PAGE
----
Self-assessment is a powerful learning strategy. Students who can assess their own learning are more effective learners. They are more motivated and engaged, have a greater belief that they can succeed, and are able to adapt their approach if learning is not working. Assessment-capable students show higher achievement. While in the long-term self-assessment facilitates self-directed learning by students, establishing successful self-assessment requires considerable input by teachers. It needs sustained direct teaching on how to do it and follow-up support. Teachers also need to set the right conditions in the classroom so that students are not threatened by feeling judged.
The following seven suggestions can help you to develop effective self-assessment processes in your classroom
Explain the benefits of self-assessment
Students who are more convinced of the learning benefits of self-assessment and feel supported to undertake self-assessments are more likely to be rigorous and accurate when undertaking self-assessments.
Explicitly teach students how to self-assess and provide ongoing support
Many students do not innately know how to self-assess. Teachers need to directly teach students how to self-assess and provide opportunities for students to practise self-assessment and receive feedback and assistance. Students, particularly lower-achieving students, tend to need support to reflect on their learning and often benefit from guidelines or instructions that they can follow. Providing students with feedback on their progress enhances the impact of self-assessment. Also, providing opportunities for students to engage in group discussions and evaluation supports the accuracy and impact of self-assessment.
Allow students to contribute to creating standards or criteria
When students contribute to the creation of standards or criteria they tend to be more engaged and more invested in the self-assessment process. They also will spend more time, and are more rigorous, in undertaking their own self-assessment.
Create a positive, trusting classroom culture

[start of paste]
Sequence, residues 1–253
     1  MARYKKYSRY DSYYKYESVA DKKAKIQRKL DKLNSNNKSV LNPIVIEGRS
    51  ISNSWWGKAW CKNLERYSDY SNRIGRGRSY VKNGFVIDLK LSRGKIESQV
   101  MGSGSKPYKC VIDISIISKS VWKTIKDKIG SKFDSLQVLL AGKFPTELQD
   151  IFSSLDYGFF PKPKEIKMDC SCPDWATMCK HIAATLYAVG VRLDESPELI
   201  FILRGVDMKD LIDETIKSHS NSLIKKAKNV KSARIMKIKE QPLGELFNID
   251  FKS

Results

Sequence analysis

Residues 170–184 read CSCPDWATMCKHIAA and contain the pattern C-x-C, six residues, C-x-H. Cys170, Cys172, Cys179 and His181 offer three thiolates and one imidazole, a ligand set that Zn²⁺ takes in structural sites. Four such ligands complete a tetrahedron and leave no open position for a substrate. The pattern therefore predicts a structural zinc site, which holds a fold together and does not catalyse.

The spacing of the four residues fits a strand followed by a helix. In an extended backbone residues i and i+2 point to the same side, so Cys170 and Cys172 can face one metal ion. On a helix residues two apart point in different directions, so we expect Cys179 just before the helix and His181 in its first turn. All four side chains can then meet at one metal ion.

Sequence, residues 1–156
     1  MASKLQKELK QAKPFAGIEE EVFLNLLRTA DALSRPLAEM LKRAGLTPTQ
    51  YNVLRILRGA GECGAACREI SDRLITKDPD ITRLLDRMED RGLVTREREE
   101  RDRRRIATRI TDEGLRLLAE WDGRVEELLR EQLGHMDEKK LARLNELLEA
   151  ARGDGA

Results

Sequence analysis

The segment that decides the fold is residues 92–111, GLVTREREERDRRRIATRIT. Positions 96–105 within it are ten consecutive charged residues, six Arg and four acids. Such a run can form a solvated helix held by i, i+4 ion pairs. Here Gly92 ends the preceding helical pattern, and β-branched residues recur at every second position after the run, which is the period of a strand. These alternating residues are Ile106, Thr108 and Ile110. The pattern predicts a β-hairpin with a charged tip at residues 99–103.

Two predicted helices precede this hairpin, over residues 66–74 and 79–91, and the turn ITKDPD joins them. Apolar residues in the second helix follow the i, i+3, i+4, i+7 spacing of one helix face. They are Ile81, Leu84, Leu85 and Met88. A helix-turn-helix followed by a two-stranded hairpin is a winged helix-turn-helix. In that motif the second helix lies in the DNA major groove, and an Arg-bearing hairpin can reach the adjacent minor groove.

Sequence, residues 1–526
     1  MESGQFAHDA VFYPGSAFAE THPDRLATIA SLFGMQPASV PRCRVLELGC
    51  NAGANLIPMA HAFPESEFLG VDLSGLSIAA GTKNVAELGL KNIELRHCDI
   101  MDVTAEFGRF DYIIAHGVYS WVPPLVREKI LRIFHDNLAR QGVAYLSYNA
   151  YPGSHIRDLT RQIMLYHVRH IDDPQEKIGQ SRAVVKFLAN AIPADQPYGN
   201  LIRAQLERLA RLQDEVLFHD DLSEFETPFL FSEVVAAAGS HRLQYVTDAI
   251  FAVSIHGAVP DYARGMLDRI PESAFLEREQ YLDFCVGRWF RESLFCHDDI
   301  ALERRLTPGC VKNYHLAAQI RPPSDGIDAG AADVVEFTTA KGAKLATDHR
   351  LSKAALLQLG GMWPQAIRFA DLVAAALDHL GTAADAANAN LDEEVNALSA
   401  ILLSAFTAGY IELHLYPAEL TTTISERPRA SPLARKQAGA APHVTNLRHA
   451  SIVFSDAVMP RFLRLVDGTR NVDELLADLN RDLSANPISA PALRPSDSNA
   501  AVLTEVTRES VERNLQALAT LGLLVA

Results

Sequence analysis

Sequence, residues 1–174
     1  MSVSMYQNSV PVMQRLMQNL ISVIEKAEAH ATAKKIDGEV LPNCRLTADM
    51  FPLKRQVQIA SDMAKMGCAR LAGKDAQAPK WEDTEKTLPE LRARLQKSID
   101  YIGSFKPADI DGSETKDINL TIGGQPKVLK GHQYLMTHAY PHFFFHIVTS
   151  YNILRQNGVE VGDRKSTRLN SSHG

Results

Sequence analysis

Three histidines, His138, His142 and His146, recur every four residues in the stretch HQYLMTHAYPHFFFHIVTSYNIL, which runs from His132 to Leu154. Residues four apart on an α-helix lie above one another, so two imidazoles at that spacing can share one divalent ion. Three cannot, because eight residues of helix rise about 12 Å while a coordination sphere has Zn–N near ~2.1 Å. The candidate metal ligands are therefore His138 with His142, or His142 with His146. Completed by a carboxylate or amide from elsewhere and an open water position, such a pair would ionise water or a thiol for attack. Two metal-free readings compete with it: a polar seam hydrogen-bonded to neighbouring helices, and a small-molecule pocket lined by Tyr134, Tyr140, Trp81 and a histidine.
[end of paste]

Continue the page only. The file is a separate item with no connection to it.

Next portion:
Students are more likely to accurately self-assess when they feel their classroom is a safe space and that they will not be judged. Consider keeping self-assessments private.
Use self-assessment as a formative not a summative assessment tool
Self-assessment is most successful when it is used as a formative assessment tool and students know it won’t count towards their grades. Students are more likely to accurately self-assess, and it also provides opportunities for students to adapt and revise their approach to learning.
Consider using a rubric
Research has found greater learning results from self-assessment when more complex judgments are used. Rubrics are one way of achieving this. However, students tend to require explicit instruction around how to effectively interpret and use rubrics. Combining criteria and performance standards with specific examples of the final product, or worked examples, can also support the impact of rubrics.
Follow up self-assessments with student-teacher learning conversations
Providing opportunities for students to discuss their self-assessments with a teacher enhances the impact of self-assessment. Discussing any differences between the student’s self-assessment and their teacher’s assessment can be a powerful pedagogical approach to enhancing a student’s learning.
Read more about how self-assessment can significantly enhance learning when used in Assessment for Learning.